Teach First and Barclays to bring 530 STEM teachers to schools

Teach First and Barclays to bring 530 STEM teachers to schools

More than 500 science and maths teachers are to be brought into classrooms as part of a linkup between Teach First and Barclays.

It comes a week after the government announced it was to offer financial incentives to A level physics and maths students to train to be teachers after university.

Teach First and Barclays have launched an 18-month partnership “Through Generation Education: Inspiring STEM Futures” in a bid to address to address the current shortage of STEM (science, technology, engineering and maths) teachers. They will focus on schools that serve low-income areas.

In total, they hope to provide an extra 533 STEM teachers in England and Wales, which they say will reach 80,000 young people.

The project will also allow Teach First to recruit an extra 204 English teachers nationwide.

Brett Wigdortz, CEO and Founder of Teach First, said: “Both Barclays and Teach First believe that, without inspiring STEM teachers, young people studying these subjects may not achieve as highly, may not study the subjects at university, and could miss out on crucial STEM-specific job opportunities. This has a lasting impact – an adult with a Maths A-Level is likely to earn £136,000 more over their lifetime than those without a post-16 qualification in maths.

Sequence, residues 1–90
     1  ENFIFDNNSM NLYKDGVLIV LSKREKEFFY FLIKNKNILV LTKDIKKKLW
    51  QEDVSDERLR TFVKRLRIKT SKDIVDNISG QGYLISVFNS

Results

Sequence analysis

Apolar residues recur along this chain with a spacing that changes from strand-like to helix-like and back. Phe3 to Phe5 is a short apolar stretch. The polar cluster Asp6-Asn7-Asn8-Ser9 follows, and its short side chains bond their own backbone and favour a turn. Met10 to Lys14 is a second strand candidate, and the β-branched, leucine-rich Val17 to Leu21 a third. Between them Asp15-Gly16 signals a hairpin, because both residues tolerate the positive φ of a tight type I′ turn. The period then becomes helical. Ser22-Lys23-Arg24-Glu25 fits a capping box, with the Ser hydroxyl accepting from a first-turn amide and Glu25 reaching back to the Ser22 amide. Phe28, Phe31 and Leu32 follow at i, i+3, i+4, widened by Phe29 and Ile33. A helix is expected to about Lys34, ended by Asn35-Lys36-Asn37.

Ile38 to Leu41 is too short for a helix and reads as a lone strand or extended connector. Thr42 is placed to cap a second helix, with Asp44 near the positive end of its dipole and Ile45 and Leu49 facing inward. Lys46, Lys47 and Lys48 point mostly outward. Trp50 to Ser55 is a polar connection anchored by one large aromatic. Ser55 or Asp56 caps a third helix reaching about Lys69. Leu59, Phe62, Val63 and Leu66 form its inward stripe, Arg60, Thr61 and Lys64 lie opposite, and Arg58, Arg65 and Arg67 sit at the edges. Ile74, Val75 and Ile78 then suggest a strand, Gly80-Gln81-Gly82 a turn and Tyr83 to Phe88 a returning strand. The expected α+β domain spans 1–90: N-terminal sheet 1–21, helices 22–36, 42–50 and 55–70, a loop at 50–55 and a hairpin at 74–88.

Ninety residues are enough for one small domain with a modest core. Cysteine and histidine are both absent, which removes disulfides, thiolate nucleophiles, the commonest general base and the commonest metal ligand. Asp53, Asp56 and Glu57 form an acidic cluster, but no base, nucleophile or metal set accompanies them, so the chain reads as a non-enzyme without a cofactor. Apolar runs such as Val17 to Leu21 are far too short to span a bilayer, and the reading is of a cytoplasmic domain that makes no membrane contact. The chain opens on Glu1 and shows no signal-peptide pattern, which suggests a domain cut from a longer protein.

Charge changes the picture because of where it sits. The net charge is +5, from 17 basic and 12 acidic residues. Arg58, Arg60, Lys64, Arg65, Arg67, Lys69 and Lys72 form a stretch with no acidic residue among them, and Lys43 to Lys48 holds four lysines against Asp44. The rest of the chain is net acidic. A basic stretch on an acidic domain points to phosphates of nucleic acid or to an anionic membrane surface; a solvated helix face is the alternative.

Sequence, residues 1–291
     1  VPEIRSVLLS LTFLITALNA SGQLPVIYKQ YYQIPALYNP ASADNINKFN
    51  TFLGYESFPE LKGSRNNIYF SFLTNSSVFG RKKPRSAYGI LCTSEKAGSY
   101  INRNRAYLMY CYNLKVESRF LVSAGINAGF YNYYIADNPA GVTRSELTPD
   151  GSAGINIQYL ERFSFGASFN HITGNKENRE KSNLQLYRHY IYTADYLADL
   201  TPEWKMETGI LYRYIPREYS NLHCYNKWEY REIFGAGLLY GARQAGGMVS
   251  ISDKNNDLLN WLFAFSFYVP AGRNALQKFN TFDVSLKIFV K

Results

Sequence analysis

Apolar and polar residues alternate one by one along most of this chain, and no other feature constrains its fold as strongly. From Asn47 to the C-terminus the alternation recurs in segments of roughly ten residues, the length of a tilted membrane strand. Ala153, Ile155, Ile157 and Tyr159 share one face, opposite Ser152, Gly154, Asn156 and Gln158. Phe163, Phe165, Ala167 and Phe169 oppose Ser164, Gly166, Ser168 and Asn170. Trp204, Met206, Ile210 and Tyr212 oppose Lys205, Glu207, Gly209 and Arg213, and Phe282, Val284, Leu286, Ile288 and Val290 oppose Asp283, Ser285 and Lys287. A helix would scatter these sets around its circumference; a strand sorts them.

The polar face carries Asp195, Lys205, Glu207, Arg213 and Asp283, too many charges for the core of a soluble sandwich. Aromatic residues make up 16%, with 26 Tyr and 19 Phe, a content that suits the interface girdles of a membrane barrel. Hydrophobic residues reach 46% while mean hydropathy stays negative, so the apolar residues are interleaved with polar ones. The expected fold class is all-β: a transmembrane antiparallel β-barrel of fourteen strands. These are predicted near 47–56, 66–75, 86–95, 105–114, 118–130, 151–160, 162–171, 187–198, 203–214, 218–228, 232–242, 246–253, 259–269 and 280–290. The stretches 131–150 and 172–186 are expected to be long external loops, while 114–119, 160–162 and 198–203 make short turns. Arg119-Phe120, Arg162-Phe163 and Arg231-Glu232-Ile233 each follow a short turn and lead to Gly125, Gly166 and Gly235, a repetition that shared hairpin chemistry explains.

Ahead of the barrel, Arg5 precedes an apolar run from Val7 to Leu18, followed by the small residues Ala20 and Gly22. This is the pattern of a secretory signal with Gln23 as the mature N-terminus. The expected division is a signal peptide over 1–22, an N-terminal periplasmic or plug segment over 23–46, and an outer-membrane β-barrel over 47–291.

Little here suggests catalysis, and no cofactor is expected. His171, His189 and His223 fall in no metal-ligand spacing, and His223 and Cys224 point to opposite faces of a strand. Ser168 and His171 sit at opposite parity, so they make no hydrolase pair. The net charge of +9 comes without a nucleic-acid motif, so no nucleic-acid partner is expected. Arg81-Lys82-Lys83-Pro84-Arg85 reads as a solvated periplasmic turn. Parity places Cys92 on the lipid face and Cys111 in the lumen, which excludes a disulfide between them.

“The problem is even worse for pupils in low income communities, where there is a pervasive trend in low uptake and poor attainment. One amazing teacher can inspire pupils to pursue and excel in STEM, and foster a love for a subject that lasts through university and into the workplace.”

The two groups also commissioned research of more than 1,000 parents. The findings showed parents believed maths to be their children’s favourite subject, and science and art were joint second place.

The survey also found that 79 per cent said studying science and maths was “increasingly” important for career prospects.

However, a third said they felt “anxious” about helping their child with homework in those two subjects, often relying on technology to help answer maths problems.

Kathleen Britain, Head of UK Community Investment at Barclays, said: “This poll shows that maths and science skills are more important than ever, especially for parents. We all want our children to master these essential subjects and appreciate just how critical they are.

“With some parents still concerned about the valuable life and career skills linked to maths and science, we believe what is needed is more information about, and exposure to, what a career using STEM looks like.”